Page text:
Shake Up the Menu
With family dinners becoming a relic of the past in the fast-paced modern world, it's hard to imagine getting the whole neighborhood together for dinner - much less every night. But that's exactly what the Hancock Shaker community did every day of the week - three times a day, nonetheless - for more than a century.
Visitors to Hancock Shaker Village can still experience communal dining and warm hospitality with a hearty Shaker Supper. Offered two Saturdays a month in September and November, and once in December, Shaker Suppers not only offer a great home-cooked meal, they also offer a chance for an after-hours tour of this historic "City of Peace."
The evening begins with the guided tour of the village, taking guests past the historic barn, dwellings and workspaces. Authentic Shaker furniture, wares and clothing are on display, and guests even get a glimpse of the then-state-of-the-art kitchen facility, featuring fire boxes, steam kettles and oversized frying vats.
Inside the kitchen of the 1830 Brick Dwelling, hosts dressed in period attire offer visitors tempting refreshments and specialty hard ciders. Singing of Shaker grace follows, as guests sit down to dinner by candlelight in the Believers' Dining Room. The sit-down affair begins with a plated salad and soup, followed by a buffet-style dinner presentation allowing diners to sample a full array of Shaker flavors.
The menu, utilizing recipes from The Best of Shaker Cooking by founding President of Hancock Shaker Vil-lage Amy Bess Miller, is prepared by noted caterer Paul Proudy. Guests can expect such hearty soups as cream of potato leak and tomato basil to start the meal, along with a fresh garden salad.
Entrees and sides vary by what happens to be in season, but suppers often include such dishes as ham baked in cider, Sister Clymena's Chicken Pie and roast beef pot roast. Regular veggies are herbed rice and potatoes, green beans with dill and Sister Mary's Zest Carrots.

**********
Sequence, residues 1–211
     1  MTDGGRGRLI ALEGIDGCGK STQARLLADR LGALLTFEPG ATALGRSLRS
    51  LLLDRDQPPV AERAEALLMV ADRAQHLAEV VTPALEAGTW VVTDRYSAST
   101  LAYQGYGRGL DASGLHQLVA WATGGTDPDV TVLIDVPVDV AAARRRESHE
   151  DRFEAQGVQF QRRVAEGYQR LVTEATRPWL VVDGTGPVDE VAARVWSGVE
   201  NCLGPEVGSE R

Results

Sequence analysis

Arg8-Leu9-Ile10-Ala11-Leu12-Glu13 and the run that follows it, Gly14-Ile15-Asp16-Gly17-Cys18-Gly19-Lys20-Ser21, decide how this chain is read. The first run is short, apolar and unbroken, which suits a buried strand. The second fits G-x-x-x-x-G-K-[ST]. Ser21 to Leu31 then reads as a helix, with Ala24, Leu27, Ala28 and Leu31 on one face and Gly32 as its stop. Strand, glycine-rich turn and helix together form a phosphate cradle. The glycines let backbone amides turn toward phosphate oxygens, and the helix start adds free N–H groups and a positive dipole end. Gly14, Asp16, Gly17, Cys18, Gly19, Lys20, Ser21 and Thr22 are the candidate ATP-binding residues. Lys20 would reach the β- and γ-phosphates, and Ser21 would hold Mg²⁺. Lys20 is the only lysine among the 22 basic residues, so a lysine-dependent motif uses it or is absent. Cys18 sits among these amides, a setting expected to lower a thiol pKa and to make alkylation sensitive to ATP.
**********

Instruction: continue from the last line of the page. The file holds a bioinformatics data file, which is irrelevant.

Of course, a hearty meal has to be followed by a hearty dessert. Decadent but simple dessert options include Shaker bread pudding, Shaker ginger cake and apple crisp, all served with coffee and tea.
Diners can expect a fairly faithful representation of Shaker cuisine. The only major modifications come in the area of fat content - Shakers' physically active lifestyle demanded high calorie, high fat meals. Proudy certainly doesn't skimp on the good stuff, but the butter and fat-laden recipes are somewhat lightened to meet today's palate.
Reservations are recommended and can be made by calling 800-817-1137 or at hancockshakervillage.org.
The Shakers were originally known as The United Society of Believers in Christ's Second Appearing but garnered the "Shaker" moniker from the trembling, whirling and shaking common to members during their enthusiastic spiritual worship.
The Shakers' core religious tenets included celibacy, communal life and confession of sin. Socially, they believed in racial and gender equality, separation of the sexes and pacifism.
The Shaker communities divide labor along gender lines, with men responsible for the heavier agricultural and construction work and women for the cooking, cleaning and other domestic chores. However, Shakers were progressive in putting equal value on the work of both men and women.
Men and women ate at the same time in the Believers' Dining Room, but at different tables. However, guests to the Shaker Suppers are free to sit where they please.
The clean, simple design and functional, durable qualities have made classic Shaker furniture a popular item for both antique collectors and interior designers.